"Captain, it doesn't even look real."
The yeoman-of-the-week has put her finger right on the episode's main problem: plausibility. As monster stories go, this is one of the weakest they ever told. After the previous week's subtle character-based drama, this is all cheesy monster and cheap theatrics.
Jim Ruggs, the on-set special effects man, has a real chance to shine. On the one hand, he does (the creatures breathing, dripping and dissolving as they are killed). On the other hand, he does not (the creatures flying around and landing on Spock). He's also at the mercy of the creature's creator (uncredited) who has given him an obviously rubbery blob painted with spots.
Perhaps the physical manifestation of the menace would be less offensive if the character problems were a little more carefully considered. It seems utterly unnecessary to kill off Kirk's brother in such a cheap situation. (Picard's brother, alas, suffered the same fate.) The drama is so minimal that Shatner has almost nothing to work with, and the whole thing (including the nephew) is long-forgotten by the end of the episode. At least Joan Swift provides a plausibly anguished turn as widow/victim before that whole angle fades away.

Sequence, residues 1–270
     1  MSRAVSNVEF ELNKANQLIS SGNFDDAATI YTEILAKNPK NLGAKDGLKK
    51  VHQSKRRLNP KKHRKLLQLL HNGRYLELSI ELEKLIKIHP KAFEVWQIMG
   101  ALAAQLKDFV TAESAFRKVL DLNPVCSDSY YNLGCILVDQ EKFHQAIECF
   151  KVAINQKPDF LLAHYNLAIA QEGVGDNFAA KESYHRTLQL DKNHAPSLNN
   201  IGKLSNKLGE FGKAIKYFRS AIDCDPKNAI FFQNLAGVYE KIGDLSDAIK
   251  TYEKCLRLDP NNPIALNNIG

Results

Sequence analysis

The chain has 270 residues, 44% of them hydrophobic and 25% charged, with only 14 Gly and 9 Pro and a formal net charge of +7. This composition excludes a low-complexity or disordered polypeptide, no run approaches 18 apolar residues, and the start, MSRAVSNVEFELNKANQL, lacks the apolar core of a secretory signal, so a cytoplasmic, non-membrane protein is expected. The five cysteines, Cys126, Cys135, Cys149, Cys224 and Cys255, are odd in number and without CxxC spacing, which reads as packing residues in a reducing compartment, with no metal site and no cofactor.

Similarly, the problem is solved in a classic quick fix moment when Kirk turns on some gizmo and remembers that stars give off light -- a fact which his senior staff has failed to remember. They whip up some satellites and the creatures die. Once again, our crew has solved a problem which had been raging for centuries in about 50 minutes.
Not that they shouldn't be capable of such things -- after all, saving the galaxy is the mission they trained for -- but it's a cheat to give them such a gigantic problem and then have the solution arrived at by luck, guesswork, and sloppy science (in which a character is needlessly maimed). The characters are changed, but the changes are shallow, not motivated by anything lasting, and will be gone by next week.
This leads to the episode's capper: Spock's positively soap-opera-esque temporary blindness. While the moment his blindness is revealed and the Kirk-McCoy interaction which follows packs some intensity, the unraveling of the problem simultaneously unravels everything which might have been of value for the characters. To top it off, it's followed by a couple of lame (and derivative, and repetitive) jokes.
The first season ends with a whine -- from the creatures and the viewers. Had the show itself ended here, I doubt we'd be talking about it today.
Rating: Bottom (6)